Redefining manufacturing quality control in the electronics industry
Author(s)Simington, Maureen Fresquez, 1970-
Leaders for Manufacturing Program.
Thomas W. Eager and Roy E. Welsch.
MetadataShow full item record
The most time consuming and capital intensive portion in the assembly of power electronic devices is the test system. A comprehensive test system including functional and stress screening technologies can significantly increase assembly times and more than double the capital investment required in a new assembly line. The primary purpose of the test system is to screen components for early life failures and to verify proper assembly. Determination of key performance characteristics and the resultant test system are developed during the product design phase and are seldom revised after the product has been released to manufacturing. This thesis explores best practices in testing methods and develops new methods to analyze test system performance. Both efforts were conducted in an effort to optimize existing test regimes. Upon completion of the above analyses the existing test sequence was reduced by 50%. This was primarily due to a discovery in the Burn In test cycle which indicated that failures correlated strongly with the on/off cycles inherent in the test sequence. A new test cycle was proposed to accommodate this finding and test results verified the initial hypothesis. Additionally, the summary of best practices identified new forms of product testing including Highly Accelerated Stress Testing (HAST), moving additional product testing into the development phase consequently reducing testing requirements during assembly.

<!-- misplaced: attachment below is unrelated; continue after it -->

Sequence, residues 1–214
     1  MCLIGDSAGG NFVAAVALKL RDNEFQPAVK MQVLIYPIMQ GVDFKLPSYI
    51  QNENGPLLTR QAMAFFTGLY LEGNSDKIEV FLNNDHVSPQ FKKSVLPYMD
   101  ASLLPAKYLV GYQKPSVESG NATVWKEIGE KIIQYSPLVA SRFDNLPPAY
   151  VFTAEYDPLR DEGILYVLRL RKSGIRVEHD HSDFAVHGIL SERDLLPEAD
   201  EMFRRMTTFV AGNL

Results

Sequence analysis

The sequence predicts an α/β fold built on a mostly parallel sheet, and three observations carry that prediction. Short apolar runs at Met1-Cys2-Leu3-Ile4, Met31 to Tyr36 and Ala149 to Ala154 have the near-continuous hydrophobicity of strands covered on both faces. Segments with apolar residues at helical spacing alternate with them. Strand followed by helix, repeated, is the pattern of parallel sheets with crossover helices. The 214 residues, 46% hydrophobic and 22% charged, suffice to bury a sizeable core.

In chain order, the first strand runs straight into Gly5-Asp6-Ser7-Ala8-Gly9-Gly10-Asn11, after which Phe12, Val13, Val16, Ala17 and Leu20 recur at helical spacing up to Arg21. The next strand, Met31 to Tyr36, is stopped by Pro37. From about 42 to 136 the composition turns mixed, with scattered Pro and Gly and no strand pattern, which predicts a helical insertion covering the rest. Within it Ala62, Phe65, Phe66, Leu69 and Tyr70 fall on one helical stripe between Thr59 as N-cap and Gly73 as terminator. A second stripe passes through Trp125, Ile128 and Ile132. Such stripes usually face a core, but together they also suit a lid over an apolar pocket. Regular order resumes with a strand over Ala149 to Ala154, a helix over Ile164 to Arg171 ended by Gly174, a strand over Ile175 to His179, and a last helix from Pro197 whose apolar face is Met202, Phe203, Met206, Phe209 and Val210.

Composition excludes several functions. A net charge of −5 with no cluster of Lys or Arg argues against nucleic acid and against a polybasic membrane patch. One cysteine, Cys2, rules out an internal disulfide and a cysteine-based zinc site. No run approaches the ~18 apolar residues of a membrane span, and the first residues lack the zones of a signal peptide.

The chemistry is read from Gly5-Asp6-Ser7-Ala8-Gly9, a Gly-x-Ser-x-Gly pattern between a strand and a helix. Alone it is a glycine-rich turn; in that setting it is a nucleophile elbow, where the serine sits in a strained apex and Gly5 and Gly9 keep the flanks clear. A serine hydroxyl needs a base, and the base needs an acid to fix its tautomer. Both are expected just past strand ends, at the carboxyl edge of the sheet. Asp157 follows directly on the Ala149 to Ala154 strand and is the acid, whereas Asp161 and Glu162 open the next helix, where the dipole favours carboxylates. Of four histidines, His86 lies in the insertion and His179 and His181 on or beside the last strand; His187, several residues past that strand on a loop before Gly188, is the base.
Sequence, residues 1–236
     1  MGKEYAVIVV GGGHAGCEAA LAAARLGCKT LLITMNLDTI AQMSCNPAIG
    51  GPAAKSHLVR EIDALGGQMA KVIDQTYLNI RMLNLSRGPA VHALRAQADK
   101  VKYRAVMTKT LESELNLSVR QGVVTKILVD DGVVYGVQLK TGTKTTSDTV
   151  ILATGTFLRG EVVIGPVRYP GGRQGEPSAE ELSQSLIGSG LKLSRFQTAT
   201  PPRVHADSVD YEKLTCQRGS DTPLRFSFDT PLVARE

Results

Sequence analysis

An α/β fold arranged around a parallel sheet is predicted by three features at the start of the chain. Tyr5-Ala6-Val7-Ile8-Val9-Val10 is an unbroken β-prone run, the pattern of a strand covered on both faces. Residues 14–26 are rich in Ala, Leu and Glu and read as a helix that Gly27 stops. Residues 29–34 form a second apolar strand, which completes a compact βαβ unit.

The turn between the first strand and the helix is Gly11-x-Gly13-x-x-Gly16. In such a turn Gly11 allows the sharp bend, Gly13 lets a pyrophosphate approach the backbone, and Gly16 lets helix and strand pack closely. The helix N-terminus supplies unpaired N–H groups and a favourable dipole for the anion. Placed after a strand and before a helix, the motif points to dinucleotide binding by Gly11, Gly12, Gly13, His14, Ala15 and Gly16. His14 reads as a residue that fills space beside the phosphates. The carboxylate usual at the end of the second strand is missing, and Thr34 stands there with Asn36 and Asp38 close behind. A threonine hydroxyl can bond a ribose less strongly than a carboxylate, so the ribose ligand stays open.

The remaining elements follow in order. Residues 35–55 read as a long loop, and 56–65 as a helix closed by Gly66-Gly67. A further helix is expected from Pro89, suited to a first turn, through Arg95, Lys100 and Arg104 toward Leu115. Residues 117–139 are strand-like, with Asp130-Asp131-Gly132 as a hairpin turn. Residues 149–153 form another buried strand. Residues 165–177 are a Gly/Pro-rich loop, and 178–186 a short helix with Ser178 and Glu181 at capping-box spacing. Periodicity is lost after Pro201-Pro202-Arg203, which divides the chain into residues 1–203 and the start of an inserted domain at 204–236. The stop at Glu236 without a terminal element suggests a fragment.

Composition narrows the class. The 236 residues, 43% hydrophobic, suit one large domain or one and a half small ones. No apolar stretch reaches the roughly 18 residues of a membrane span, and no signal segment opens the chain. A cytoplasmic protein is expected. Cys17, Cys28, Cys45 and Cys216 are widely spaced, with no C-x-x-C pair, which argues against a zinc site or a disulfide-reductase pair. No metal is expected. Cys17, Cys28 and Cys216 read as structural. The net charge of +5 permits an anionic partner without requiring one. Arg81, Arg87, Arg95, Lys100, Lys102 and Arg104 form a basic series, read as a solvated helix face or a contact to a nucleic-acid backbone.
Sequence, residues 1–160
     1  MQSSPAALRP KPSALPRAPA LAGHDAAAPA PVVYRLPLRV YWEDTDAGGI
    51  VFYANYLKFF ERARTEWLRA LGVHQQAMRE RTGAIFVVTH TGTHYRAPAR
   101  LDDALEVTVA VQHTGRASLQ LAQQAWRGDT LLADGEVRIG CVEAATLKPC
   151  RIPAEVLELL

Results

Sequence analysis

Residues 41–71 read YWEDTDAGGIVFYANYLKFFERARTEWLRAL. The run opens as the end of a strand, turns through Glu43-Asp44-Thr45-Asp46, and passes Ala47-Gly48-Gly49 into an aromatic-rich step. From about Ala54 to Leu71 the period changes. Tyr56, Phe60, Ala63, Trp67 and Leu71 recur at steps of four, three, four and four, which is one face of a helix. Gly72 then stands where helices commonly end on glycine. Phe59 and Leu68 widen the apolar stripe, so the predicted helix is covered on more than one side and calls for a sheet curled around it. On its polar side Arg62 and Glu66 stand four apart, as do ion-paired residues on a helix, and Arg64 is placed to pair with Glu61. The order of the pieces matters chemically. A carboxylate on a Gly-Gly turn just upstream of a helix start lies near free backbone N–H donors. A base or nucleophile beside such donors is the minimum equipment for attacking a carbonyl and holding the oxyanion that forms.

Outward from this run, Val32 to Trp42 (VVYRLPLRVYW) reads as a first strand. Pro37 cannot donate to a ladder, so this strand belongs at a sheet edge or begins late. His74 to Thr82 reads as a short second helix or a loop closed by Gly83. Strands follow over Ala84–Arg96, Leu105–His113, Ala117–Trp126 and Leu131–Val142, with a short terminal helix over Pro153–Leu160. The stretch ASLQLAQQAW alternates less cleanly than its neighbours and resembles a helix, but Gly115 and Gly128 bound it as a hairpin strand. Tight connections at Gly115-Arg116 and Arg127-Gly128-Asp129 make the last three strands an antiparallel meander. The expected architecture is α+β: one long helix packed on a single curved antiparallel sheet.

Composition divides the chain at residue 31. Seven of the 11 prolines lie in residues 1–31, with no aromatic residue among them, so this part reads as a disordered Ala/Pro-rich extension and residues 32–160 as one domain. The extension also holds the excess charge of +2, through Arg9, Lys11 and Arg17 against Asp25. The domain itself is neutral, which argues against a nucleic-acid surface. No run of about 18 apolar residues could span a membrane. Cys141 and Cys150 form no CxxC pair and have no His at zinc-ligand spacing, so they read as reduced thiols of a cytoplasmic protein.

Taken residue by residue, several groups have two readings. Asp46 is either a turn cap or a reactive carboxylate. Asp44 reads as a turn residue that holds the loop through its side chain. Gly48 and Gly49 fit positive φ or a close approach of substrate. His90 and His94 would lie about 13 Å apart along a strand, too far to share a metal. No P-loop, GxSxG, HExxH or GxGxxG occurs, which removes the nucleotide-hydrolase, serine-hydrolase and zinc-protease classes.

Thesis (S.M.)--Massachusetts Institute of Technology, Sloan School of Management; and, (S.M.)--Massachusetts Institute of Technology, Dept. of Materials Science and Engineering; in conjunction with the Leaders for Manufacturing Program, Massachusetts Institute of Technology, 2000.Also available online at the MIT Theses Online homepage <http://thesis.mit.edu>.Includes bibliographical references (p. 103).
DepartmentSloan School of Management.; Massachusetts Institute of Technology. Dept. of Materials Science and Engineering.; Leaders for Manufacturing Program.
Massachusetts Institute of Technology
Sloan School of Management., Materials Science and Engineering., Leaders for Manufacturing Program.